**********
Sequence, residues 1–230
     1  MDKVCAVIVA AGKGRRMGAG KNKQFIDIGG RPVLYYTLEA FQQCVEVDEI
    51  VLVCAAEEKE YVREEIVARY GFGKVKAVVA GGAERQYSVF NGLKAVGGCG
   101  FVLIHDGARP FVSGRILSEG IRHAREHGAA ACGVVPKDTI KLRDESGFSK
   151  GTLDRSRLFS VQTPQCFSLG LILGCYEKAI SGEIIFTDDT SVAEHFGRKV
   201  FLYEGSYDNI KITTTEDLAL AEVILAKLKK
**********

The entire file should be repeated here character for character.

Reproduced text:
Sequence, residues 1–230
     1  MDKVCAVIVA AGKGRRMGAG KNKQFIDIGG RPVLYYTLEA FQQCVEVDEI
    51  VLVCAAEEKE YVREEIVARY GFGKVKAVVA GGAERQYSVF NGLKAVGGCG
   101  FVLIHDGARP FVSGRILSEG IRHAREHGAA ACGVVPKDTI KLRDESGFSK
   151  GTLDRSRLFS VQTPQCFSLG LILGCYEKAI SGEIIFTDDT SVAEHFGRKV
   201  FLYEGSYDNI KITTTEDLAL AEVILAKLKK